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For programs under the jurisdiction of this Subcommittee, we are requesting $3.6 billion, a reduction of $728 million from the 1985 enacted appropriations of $4.3 billion. In addition, we are asking that you rescind $66.6 million of 1985 appropriations and approve 1985 supplemental appropriations of $7.6 million and transfers amounting to $46.2 million in 1985 and $4.9 million in 1986.

The major elements accounting for a reduced Interior budget are as follows:

Land Acquisition

It is our policy to continue acquisition of lands for park, refuge and wilderness purposes. The budget request we have before you will permit us to continue the most important acquisitions. We are proposing to defer other acquisitions for a three-year period. This three-year moratorium will save $148 million in 1986 in the Bureau of Land Management, Fish and Wildlife Service, and the National Park Service.

We believe this deferral will not impair the primary missions of the Department or affect ongoing operating programs. First, we are requesting $13 million for deficiencies, emergencies, and administrative costs.

Second, the Department will continue to emphasize the acquisition of lands through means other than Federal appropriations, for example, through donations and exchanges for parklands, wetlands, wildlife refuges and other recreation lands. During the past four years, over 10,000 acres of park lands have been acquired in this manner. In addition, nearly 1.1 million acres of refuge lands have been donated or acquired through exchange including 972,000 acres donated by Alaska for the Arctic National Wildlife Refuge.

Third, self-financing mechanisms, such as the Federal Duck Stamp Program, will continue to generate revenues to acquire lands for the National Wildlife Refuge System.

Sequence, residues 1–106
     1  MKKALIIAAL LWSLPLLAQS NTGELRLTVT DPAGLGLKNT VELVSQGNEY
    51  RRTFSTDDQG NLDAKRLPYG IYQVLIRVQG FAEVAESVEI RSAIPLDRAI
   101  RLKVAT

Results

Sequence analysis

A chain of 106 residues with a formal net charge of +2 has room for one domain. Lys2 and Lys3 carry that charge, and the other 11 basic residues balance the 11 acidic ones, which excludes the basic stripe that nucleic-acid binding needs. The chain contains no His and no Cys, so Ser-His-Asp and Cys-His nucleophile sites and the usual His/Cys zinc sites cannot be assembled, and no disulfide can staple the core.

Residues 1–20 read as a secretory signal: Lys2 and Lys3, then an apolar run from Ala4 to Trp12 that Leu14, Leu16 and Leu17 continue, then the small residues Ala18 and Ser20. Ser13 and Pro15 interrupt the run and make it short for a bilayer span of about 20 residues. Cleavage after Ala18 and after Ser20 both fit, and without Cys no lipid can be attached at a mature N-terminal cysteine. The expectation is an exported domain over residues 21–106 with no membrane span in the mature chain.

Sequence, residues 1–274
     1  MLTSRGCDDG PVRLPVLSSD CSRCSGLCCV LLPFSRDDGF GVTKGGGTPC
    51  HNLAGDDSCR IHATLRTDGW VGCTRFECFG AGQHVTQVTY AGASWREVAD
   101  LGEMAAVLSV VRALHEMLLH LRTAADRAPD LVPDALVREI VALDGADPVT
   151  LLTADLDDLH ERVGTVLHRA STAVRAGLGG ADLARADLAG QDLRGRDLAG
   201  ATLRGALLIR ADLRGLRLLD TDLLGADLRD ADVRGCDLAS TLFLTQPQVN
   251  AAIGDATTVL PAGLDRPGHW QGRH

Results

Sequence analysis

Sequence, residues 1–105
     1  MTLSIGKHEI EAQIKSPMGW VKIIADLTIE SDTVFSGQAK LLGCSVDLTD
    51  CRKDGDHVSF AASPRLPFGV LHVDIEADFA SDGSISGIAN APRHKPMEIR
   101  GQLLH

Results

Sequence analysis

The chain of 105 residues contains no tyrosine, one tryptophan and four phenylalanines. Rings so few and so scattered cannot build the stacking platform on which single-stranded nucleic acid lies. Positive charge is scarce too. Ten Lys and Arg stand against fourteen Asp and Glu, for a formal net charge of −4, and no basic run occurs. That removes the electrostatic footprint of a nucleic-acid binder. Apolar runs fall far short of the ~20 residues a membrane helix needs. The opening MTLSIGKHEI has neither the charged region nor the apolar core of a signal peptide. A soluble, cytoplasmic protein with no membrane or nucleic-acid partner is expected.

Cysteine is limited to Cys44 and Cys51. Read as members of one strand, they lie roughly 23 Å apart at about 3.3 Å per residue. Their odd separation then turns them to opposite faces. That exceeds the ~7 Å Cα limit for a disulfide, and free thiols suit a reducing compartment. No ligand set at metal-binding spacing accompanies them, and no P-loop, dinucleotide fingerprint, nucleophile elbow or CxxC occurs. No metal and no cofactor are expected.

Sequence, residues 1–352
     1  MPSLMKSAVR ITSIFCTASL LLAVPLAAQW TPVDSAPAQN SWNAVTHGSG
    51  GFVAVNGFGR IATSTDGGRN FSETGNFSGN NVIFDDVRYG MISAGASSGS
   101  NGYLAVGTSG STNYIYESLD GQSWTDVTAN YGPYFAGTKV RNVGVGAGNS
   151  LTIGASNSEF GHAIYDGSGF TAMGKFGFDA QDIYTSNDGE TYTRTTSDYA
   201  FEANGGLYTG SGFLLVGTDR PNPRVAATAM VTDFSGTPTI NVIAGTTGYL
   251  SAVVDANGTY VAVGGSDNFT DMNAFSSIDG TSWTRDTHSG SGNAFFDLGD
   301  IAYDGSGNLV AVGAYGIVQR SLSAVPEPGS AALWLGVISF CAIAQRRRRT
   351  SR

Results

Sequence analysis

From 1981 through 1984, $517 million was obligated to acquire approximately 64,000 acres of park land, 242,000 acres of wetlands and other refuge lands, including 170,000 acres purchased through the Migratory Bird Conservation Account, and 16,000 acres of other recreational lands. Further funding for land acquisition amounting to $177 million is available with 1985 appropriations and Duck Stamp receipts, for a total investment of nearly $700 million through 1985.

Water Programs

Providing an adequate supply of clean water is an important resource challenge facing all levels of government, local, State and Federal, in the coming decades. Although current supplies are adequate in most regions, conflicting demands for water are approaching the limits of what current development can supply at low cost. In some cases, groundwater supplies are being depleted or threatened by contamination. Water delivery and treatment systems in certain areas of the country are deteriorating. In other areas, more storage and delivery systems are needed.

This Administration, recognizing the primacy of State water law, has made a good start in addressing pressing water resource issues. We are now prepared, within existing resources and in close cooperation with the States, to develop a water management strategy in the national interest. This strategy must look at the issues of water quantity, quality, and cost, together, not as separate concerns.

It is imperative that we as a Nation revitalize the magnificent water development programs launched earlier in our history. The Federal-State partnership in water development has succeeded even beyond the dreams of those who developed the concept decades ago. This partnership has helped create abundant year-round water, electric and food supplies; reduced flooding; and provided vast new opportunities for water-related recreation.